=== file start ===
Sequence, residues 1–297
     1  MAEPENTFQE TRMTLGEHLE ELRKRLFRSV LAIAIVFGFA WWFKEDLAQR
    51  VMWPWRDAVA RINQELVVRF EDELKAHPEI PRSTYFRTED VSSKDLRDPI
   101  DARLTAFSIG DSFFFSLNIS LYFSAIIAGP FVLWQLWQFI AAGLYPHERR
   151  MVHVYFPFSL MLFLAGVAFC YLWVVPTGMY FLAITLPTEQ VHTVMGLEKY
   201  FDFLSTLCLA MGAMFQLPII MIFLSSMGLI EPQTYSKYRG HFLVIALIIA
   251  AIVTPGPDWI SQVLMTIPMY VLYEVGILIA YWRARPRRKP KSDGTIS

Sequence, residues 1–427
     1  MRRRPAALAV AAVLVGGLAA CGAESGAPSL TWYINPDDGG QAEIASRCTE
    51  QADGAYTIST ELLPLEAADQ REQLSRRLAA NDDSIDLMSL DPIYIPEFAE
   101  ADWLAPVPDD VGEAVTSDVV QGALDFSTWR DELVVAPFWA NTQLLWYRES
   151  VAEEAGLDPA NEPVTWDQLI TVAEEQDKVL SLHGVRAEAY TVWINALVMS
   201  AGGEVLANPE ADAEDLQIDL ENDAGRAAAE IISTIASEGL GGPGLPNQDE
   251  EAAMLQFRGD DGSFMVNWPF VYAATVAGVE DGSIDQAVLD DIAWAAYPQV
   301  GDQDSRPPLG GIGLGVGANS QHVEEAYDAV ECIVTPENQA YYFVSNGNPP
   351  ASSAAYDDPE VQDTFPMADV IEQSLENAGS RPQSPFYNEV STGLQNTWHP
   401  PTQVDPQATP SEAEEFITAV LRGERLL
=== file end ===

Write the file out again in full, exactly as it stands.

Sequence, residues 1–297
     1  MAEPENTFQE TRMTLGEHLE ELRKRLFRSV LAIAIVFGFA WWFKEDLAQR
    51  VMWPWRDAVA RINQELVVRF EDELKAHPEI PRSTYFRTED VSSKDLRDPI
   101  DARLTAFSIG DSFFFSLNIS LYFSAIIAGP FVLWQLWQFI AAGLYPHERR
   151  MVHVYFPFSL MLFLAGVAFC YLWVVPTGMY FLAITLPTEQ VHTVMGLEKY
   201  FDFLSTLCLA MGAMFQLPII MIFLSSMGLI EPQTYSKYRG HFLVIALIIA
   251  AIVTPGPDWI SQVLMTIPMY VLYEVGILIA YWRARPRRKP KSDGTIS

Sequence, residues 1–427
     1  MRRRPAALAV AAVLVGGLAA CGAESGAPSL TWYINPDDGG QAEIASRCTE
    51  QADGAYTIST ELLPLEAADQ REQLSRRLAA NDDSIDLMSL DPIYIPEFAE
   101  ADWLAPVPDD VGEAVTSDVV QGALDFSTWR DELVVAPFWA NTQLLWYRES
   151  VAEEAGLDPA NEPVTWDQLI TVAEEQDKVL SLHGVRAEAY TVWINALVMS
   201  AGGEVLANPE ADAEDLQIDL ENDAGRAAAE IISTIASEGL GGPGLPNQDE
   251  EAAMLQFRGD DGSFMVNWPF VYAATVAGVE DGSIDQAVLD DIAWAAYPQV
   301  GDQDSRPPLG GIGLGVGANS QHVEEAYDAV ECIVTPENQA YYFVSNGNPP
   351  ASSAAYDDPE VQDTFPMADV IEQSLENAGS RPQSPFYNEV STGLQNTWHP
   401  PTQVDPQATP SEAEEFITAV LRGERLL